3043 24th Street, San Francisco, California 94110

Make your own ZINE

By Sarah Duyer

Make Your Own Zine in 9 Easy Steps!

A zine is self-published little magazine that can cover a variety of topics from music to art to whatever you like! Typically made in small batches, zines are made by hand and are very easy to DIY. Zines are super quick and fun to make and read. In this tutorial, I'll show you how to make one! 

Hi all! My name is Sarah Duyer, I’m a San Francisco-based ceramic artist, illustrator, and zine maker. My love for zines and self-published art books was born from going to zine and indie comic fairs over the years, and my time working for SF-based publisher Silver Sprocket.

I started my zine project titled Pot Pals in 2017 as a way to connect and collaborate with artists I admired who were working in comics and illustration. For each issue of the zine I ask contributing artists to draw their interpretation of a pot, then I bring them to life! 

Since the prompt is so open ended I’ve gotten a wide range of submissions in different styles and degrees of difficulty. The fun challenge of the project is in figuring out how to translate the 2-dimensional drawing into a physical 3D piece and I see each submission as an opportunity to inhabit and learn from that artist’s style while creating something that is uniquely a blend of both our artistic viewpoints.

Materials List

  • A sheet of paper (8.5" x 11" is most accessible and cheap and easy to reproduce)
  • Scissors or X-acto knife
  • Bone folder

Instructions

1. Start with your sheet of paper laid flat and bring the long edges together to create a “hot dog” fold. Unfold and fold backward along the same line to define the crease. Smooth with a bone folder.


2. Next, bring the short sides of the paper together and create a “hamburger” style fold. Unfold, fold backward along the same crease, and smooth with a bone folder.

3. Next, bring the short edge of the top layer of paper to meet the middle fold and create a crease halfway between the outer edge and fold. Smooth with a bone folder.

4. Flip paper over and repeat the same fold on the other side of your paper and smooth.

5. You should be left with 4 creases in your paper that create a “w” shape.

6. Fold in half so that the short sides are together (“hamburger” style) and make a cut from the center fold to where the two creased lines intersect. This will create a slit down the center of the paper. Make sure not to cut all the way to the edge of your paper!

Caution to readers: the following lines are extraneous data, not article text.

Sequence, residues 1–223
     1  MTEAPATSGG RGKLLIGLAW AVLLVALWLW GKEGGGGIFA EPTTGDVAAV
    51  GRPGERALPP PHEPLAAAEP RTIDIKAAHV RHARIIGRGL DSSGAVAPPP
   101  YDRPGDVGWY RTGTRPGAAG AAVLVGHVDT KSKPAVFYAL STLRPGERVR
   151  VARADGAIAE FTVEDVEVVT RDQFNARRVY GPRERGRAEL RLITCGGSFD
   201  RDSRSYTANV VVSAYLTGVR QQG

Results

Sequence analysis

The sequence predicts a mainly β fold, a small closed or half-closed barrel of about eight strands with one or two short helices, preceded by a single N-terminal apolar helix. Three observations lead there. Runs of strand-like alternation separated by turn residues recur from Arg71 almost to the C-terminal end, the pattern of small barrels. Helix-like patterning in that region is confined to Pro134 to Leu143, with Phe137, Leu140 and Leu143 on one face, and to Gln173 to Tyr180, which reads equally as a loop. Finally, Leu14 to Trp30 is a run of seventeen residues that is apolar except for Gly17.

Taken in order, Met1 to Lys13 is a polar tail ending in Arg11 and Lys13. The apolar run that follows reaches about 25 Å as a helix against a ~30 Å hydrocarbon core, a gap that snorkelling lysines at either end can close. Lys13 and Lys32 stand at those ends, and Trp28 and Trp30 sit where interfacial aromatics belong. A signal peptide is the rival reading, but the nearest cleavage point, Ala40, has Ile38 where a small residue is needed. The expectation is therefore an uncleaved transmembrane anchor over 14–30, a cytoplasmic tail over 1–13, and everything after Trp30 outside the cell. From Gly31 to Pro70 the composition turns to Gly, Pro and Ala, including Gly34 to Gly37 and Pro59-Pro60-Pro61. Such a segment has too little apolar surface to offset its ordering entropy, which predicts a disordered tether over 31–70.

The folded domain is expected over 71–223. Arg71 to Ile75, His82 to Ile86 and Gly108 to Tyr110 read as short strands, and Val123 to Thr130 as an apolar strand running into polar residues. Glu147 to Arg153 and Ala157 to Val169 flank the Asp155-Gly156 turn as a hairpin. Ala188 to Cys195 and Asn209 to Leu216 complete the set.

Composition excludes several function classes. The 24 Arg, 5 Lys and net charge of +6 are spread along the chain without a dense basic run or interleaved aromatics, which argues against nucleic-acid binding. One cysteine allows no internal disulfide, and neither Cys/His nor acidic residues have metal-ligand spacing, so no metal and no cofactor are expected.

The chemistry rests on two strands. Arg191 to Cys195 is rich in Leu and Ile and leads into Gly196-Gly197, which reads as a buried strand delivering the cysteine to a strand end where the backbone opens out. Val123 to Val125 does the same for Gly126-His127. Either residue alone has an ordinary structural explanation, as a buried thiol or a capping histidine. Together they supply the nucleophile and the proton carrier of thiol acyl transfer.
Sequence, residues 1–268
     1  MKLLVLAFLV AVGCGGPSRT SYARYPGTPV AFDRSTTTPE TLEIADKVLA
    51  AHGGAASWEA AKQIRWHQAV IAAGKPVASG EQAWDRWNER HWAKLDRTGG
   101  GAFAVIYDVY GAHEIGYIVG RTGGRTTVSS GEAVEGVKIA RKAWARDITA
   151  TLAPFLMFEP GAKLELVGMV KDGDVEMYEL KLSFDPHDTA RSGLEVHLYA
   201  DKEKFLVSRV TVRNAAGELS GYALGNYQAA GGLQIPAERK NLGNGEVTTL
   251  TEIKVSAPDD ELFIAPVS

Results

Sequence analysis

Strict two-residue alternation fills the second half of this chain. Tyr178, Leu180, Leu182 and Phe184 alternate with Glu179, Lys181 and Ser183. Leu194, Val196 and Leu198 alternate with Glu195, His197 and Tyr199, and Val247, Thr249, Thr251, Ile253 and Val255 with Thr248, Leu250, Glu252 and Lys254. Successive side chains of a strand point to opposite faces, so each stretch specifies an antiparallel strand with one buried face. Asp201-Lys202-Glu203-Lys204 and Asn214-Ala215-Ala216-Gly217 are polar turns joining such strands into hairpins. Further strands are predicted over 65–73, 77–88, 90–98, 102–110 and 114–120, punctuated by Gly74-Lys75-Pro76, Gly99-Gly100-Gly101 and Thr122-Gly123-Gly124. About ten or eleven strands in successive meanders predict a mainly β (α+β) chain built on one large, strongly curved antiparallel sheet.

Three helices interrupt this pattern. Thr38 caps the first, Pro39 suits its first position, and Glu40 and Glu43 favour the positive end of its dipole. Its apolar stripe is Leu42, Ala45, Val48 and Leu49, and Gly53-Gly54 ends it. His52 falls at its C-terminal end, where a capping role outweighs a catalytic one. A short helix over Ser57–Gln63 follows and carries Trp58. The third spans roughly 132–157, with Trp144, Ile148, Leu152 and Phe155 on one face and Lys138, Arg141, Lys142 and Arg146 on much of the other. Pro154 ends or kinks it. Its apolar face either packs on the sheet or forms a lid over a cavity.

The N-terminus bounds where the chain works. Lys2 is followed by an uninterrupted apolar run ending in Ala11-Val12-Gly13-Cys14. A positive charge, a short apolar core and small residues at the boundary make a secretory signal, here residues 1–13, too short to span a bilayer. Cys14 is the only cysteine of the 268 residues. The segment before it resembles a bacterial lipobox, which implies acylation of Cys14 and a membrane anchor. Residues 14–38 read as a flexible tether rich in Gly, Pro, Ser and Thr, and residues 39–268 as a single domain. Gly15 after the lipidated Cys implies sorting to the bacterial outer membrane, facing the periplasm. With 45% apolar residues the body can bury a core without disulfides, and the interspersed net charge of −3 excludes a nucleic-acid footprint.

7. Once your slit is cut fold paper in half with long edges together (“hotdog” style). Hold the folded edges and bring them together, collapsing the sheet in on itself and creating an “x” with the paper.

8. Collapse and fold in half, bringing the sheet together to create a booklet. Smooth all creases with a bone folder and your basic template is complete!

9. Now it’s time to fill your zine with content! Open your booklet and get creative, you can draw or write in your zine or collage image and text together. Go nuts, there are no rules!

A few things to remember when laying out your zine:

Start designing your layout from the top left corner, working counter clockwise. When I'm working on a layout, I like to have a second "dummy" or mockup booklet that I have labeled with page numbers to make it easier to plan when laid flat. Keep in mind the orientation of the pages, especially when adding text.
  • When adding your images and text keep in mind how the piece will look when it’s reproduced. The easiest and cheapest way to distribute your zine is to simply photocopy, so if your copies are going to be black and white you want your art to have enough contrast to translate.
  • Make sure to leave about ⅛” around the edges of the paper for copying. Most printers won’t allow for a full bleed so keep all important text or images away from the very edge off the paper
  • Not into drawing? Collage is a great alternative! Many zine makers will type out their text and print it to collage over found images. Thrift stores are great places to find paper ephemera, such as old art books and magazines, maps, patterned paper, and more!
  • If you don’t have access to a printer at home, the local library is a great resource!
  • If you prefer to work digitally you can use the template attached to draw your design and print directly or send to friends to print and fold their own at home.
  • If you’re able to print or copy double sided try adding a design on the opposite side of the paper that can be a full sheet poster or drawing when the zine is unfolded.
  • And most importantly: have fun! Zines are a low-cost way to distribute your artwork or writing and you can make them about whatever you want!

Once you’re finished you can copy and share with friends or leave them around town for people to find. Going to your local zine fest is a great way to meet other zine makers and see the range of possibilities for what you could make. 

If you’re local to San Francisco, Silver Sprocket is an excellent place to check out! Their shop at 1018 Valencia st. is a great spot to find zines and comics by local artists, as well as books published in-house and from other independent presses around the world. Silver Sprocket also does wholesale and consignment for locally made zines so bring your own by the shop if you’d like to try and sell them! 

Make a Zine with Sarah at our free Virtual Craft Night on October 29th! Register here. 

Sarah Duyer

is a San Francisco based ceramic artist, illustrator, and zine maker. You can find her work for sale online at sarahduyer.com and you can follow her on Instagram at @sarahduyer, and her performance art side project @potpunisher.

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